She emphasized the collaborative process that led to the changes, citing the many groups she’d had discussions with during the decision-making process. Among them were the directors of programs within student affairs; leadership of the student, faculty, and staff councils; individual students, faculty, and staff; and deans, vice presidents, and other administrators.
“Without fail, a salient theme emerged over and over again: the need to further enhance the unique strengths of both student affairs and academic affairs,” President Collado said. “These conversations align with the results of the Campus Climate Survey, reports about student success and retention and about shared governance, the Middle States accreditation self-study, and other recent analyses the college has conducted. They also align very well with what I have observed and developed in my own experience as a leader in both of these areas.”
At IC and nationwide, the demand for counseling and support among students is increasing sharply. To meet that need and be truly student-centered, the addition of one case manager in student life and two counselors in the Center for Counseling and Psychological Services has also been approved. These positions will be posted and filled as soon as possible.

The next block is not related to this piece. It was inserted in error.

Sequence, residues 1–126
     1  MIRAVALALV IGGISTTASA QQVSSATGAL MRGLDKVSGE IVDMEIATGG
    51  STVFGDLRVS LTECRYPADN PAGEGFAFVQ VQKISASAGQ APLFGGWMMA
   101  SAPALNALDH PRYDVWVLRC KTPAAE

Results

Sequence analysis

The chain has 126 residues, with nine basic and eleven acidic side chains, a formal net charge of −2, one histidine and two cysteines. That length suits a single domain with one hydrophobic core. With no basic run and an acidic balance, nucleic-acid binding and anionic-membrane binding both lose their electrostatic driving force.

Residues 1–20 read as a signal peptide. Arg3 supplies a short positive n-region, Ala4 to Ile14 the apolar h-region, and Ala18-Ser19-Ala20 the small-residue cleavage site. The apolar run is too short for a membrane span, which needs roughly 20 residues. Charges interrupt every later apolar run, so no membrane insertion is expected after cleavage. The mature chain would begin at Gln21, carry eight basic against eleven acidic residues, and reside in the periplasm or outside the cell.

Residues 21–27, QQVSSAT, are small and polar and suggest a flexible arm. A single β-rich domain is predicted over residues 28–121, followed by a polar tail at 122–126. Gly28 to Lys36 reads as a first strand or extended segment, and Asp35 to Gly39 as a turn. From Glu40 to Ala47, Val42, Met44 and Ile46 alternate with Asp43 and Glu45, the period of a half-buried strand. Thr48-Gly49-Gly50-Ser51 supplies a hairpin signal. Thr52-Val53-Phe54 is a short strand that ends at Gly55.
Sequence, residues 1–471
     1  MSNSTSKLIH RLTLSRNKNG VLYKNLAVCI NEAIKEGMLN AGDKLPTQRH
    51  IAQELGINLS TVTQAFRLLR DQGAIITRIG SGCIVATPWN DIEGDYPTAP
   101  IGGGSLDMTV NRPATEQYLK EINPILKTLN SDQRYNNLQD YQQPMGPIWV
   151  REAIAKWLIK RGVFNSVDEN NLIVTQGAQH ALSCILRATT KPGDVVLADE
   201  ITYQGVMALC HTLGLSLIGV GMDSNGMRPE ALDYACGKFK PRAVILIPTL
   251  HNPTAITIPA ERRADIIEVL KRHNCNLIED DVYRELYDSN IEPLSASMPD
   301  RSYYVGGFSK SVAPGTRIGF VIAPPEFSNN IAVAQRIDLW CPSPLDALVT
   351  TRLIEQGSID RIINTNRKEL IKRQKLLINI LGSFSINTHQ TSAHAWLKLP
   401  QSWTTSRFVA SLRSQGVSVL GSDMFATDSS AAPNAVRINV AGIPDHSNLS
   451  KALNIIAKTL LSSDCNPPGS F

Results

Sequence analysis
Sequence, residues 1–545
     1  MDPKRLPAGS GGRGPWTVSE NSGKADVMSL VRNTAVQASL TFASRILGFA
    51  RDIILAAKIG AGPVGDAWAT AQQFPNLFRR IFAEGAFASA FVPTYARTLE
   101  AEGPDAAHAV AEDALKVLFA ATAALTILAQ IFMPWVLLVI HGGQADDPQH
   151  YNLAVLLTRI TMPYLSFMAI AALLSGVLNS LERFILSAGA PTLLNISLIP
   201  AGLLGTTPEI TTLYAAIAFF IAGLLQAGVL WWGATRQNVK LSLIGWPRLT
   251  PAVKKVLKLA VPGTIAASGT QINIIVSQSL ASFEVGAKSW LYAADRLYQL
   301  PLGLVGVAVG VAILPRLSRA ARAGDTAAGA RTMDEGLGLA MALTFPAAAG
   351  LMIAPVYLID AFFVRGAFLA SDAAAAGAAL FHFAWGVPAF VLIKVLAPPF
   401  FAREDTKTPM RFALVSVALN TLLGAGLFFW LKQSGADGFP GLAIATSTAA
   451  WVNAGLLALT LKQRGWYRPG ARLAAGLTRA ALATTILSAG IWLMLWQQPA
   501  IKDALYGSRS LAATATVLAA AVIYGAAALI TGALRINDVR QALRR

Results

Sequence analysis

President Collado said a tighter focus in academic affairs will enable that division to do “the deep work of partnering with deans and faculty to develop and refine the college’s curriculum and academic strategy, and create pathways for increased faculty support and success.”
President Collado also thanked Provost Linda Petrosino, who will serve in the current role until the end of this academic year, for her support and counsel during the process and for her service to the college.
“Linda’s deep commitment as an alumna, faculty member, and administrator at Ithaca College has been unwavering since she arrived to serve as dean of the School of Health Sciences and Human Performance,” President Collado said. “She has always put the college first, and I am deeply grateful for all that she has done for the IC community.”
A search will be conducted to fill the position after Petrosino steps down. President Collado emphasized that she is continuing discussions with faculty, students, staff, deans, and vice presidents to collaboratively define the portfolio for the next provost and vice president for academic affairs.